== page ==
Using specialist cameras, this spectacular series allows us to travel beyond the power of the human eye, to look closer at the interconnected world of plants, showcasing over two decades of new discoveries. From deserts, tropical jungles and underwater worlds to seasonal lands and our own urban environment, each episode introduces a set of plants, reveals the battles they face, and the ingenious ways they’ve found to survive.

The trailer is above and here are some clips and behind-the-scenes looks at what it takes to capture some of these incredible scenes.

The Green Planet has already started airing in Britain on BBC, but we won’t be able to see it here in the US until July on PBS.

The Psychology of Misinformation

posted by Jason Kottke   Jan 25, 2022

In this 15-minute presentation, MIT’s David Rand summarizes what recent research says about psychological factors related to belief in information, both true and false. Repetition, alignment with prior beliefs, and hearing from trusted sources are factors that correlate with more belief in information, regardless of its truth. Those who are more likely to believe specifically in falsehoods in general lack critical thinking skills and digital & media literacy. To combat misinformation, Rand recommends corrections & fact-checks (including crowdsourced efforts) and getting people to think about accuracy before sharing information.

An AI Makes Breakfast

posted by Jason Kottke   Jan 25, 2022

Janelle Shane trained an AI on a few breakfast cereal names and it came up with some cool new cereal concepts on its own.

Ai Cereals

I mean, I would go to town on some Orb Crumpets. And don’t these sound delicious?!

Original Cool Ranch Cheese and Dried Cranberry Oatmeal — all the wholesome, cheesy oatmeal with a choice of mild, sweet or salty!

Ingredis Fiberwaste Cream Cheese Cheerios — kids grab a box and put them in their mouths, making fun flavors taste even better !!! !!! !!! !!!

Fibrewaste is probably an element in many American grocery items, so kudos for this brave truth in advertising on the part of our robot friend. (via waxy)

Tree Root System Drawings

posted by Jason Kottke   Jan 24, 2022

drawing of a plant's root system

drawing of a plant's root system

drawing of a plant's root system

drawing of a plant's root system

The Wageningen University & Research houses a collection of almost 1200 drawings of the root systems of trees, grasses, crops, shrubs, weeds, flowers, and other plants. These drawings were done of plants in Europe, mostly in Austria, over a period of 40 years and are a wonderful combination of scientifically valuable and aesthetically pleasing.

How Two Boys Stowed Away on a 747 from London to NYC

posted by Jason Kottke   Jan 24, 2022

Ahh, the 80s — when children were given much more freedom than today, an autonomy that two Irish boys used in 1985 to travel from their house in a Dublin suburb all the way to New York City — via two trains, a ferry, and then stowing away on a JFK-bound 747, with nothing more than a few coins in their pockets.

When the boys arrived at John F. Kennedy International Airport, in New York, they tried to bypass a security checkpoint with a sly bit of street smarts, saying to the officer, “Our ma’s just behind us.” It aroused suspicion, but the pair ran when the airport official turned his head away. They then spent a few hours in the airport before wandering outside, astounded by yellow cabs and lofty skyscrapers. A policeman, Kenneth White, stopped them and asked where they were headed. After they lied to White about how they were meeting their mother at the center of town, White pressed further, and Byrne and Murray admitted that they were alone. White radioed for a supervisor, and Sergeant Carl Harrison came to assist him. After more questioning, the two boys were placed in the back of an N.Y.P.D. car and driven to a precinct, where they were held in a room for several hours — they eventually confessed what they had done. After calling other overseas jurisdictions and the boys’ parents, the police officers fed the boys chips and soda, and unloaded their own guns and let the boys play with the firearms. Air India put Byrne and Murray up in a gigantic suite at a five-star hotel and plied them with McDonald’s and movies. “I was never in a hotel before, so it was brilliant,” Murray says. The next day, the security guards who were tasked with supervising the boys asked them why they had come. Byrne and Murray told the officials that they wanted to meet the character B. A. Baracus from “The A-Team.” The guards then brought the boys on sightseeing tours throughout the boroughs, gave them some cash, and bought them “I Love New York” T-shirts.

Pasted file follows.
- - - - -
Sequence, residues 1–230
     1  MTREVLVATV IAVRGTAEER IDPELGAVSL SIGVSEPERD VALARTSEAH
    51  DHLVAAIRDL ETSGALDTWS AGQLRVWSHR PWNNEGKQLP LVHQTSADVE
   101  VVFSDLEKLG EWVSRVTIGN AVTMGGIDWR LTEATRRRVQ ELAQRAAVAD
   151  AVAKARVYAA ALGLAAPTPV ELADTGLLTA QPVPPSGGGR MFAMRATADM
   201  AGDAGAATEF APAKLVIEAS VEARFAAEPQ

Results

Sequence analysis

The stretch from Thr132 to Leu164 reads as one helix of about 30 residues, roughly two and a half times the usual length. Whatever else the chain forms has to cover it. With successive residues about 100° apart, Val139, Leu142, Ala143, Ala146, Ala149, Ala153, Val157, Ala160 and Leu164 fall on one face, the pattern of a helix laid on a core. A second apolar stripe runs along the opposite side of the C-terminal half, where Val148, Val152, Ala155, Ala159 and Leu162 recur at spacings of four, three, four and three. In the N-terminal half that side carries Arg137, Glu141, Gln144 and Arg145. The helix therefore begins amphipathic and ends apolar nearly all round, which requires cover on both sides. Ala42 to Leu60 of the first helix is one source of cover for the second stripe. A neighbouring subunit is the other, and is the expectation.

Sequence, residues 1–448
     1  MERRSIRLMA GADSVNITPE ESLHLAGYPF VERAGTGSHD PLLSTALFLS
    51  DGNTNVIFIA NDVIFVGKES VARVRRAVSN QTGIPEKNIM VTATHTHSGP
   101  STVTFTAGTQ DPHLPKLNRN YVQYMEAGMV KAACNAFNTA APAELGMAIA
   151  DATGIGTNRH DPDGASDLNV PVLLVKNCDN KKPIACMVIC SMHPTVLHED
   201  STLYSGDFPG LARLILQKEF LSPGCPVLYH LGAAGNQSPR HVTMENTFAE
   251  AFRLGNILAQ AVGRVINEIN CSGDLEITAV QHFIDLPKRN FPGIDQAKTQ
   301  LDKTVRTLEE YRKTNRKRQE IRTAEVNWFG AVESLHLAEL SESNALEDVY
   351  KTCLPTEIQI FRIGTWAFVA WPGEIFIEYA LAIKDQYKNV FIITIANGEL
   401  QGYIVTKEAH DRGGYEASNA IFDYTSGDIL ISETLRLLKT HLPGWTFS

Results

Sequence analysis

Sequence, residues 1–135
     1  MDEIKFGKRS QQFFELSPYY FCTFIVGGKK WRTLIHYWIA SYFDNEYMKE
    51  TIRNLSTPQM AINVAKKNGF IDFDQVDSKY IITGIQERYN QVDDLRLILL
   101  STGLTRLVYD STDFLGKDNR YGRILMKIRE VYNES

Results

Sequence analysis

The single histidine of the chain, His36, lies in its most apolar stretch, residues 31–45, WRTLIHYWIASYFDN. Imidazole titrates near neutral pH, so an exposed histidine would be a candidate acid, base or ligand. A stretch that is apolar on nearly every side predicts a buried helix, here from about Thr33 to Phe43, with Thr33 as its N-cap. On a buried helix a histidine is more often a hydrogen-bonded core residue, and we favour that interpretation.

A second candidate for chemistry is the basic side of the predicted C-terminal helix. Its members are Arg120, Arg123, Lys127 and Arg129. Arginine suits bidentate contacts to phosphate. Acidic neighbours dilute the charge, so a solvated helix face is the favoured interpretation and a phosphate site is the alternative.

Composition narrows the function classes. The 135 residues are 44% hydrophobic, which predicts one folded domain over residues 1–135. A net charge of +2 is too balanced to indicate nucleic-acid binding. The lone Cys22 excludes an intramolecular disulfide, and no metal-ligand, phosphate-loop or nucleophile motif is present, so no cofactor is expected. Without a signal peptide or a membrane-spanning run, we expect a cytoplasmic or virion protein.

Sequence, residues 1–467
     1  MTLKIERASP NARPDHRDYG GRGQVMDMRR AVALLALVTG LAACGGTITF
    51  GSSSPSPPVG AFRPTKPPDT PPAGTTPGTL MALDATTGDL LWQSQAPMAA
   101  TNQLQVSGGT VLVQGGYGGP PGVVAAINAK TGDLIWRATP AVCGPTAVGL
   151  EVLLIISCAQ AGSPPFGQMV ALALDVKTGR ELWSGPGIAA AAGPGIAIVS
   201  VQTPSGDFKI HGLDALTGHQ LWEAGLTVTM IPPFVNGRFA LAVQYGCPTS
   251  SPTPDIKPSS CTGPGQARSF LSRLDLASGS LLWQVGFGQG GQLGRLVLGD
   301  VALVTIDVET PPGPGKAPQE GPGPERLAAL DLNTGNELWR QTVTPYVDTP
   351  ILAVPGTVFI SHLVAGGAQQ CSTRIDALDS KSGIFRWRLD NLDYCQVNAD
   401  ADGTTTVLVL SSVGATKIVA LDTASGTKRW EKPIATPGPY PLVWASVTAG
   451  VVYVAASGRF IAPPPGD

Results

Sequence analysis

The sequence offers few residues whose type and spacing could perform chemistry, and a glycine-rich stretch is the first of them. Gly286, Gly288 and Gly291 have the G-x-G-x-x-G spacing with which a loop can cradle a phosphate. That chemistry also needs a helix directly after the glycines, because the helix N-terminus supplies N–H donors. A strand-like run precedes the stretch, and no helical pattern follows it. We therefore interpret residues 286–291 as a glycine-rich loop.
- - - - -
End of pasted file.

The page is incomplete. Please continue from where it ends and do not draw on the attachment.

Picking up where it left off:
What a story! It’s wonderful to hear the two men talk about their now long-ago adventures with a mischievous twinkle in their eye — and the old footage of Dublin, Heathrow, and NYC is a great accompaniment.

Exit Strategy, a Time-Loop Story

posted by Jason Kottke   Jan 24, 2022

In this short film, a man stuck in a 24-hour time loop enlists his firefighter brother to stop a fire that will cause many deaths. But their efforts repeatedly fail to change the ultimate outcome of the day and they’re left with what really mattered all along.

See also One-Minute Time Machine and The Various Approaches to Time Travel in Movies & Books. (thx, leslie)

How Cascatelli, the Hot New Pasta Shape, Is Made

posted by Jason Kottke   Jan 24, 2022

Back in March 2021, I wrote about cascatelli, the new pasta shape invented by Dan Pashman. Eater recently visited the Sfoglini factory to see how cascatelli (and all of their other pastas) are made. Interesting tidbit from the video: Sfoglini originally thought they would sell 5000 boxes and be done, but cascatelli is now the company’s third-best-selling pasta with no signs of slowing down. (thx, david)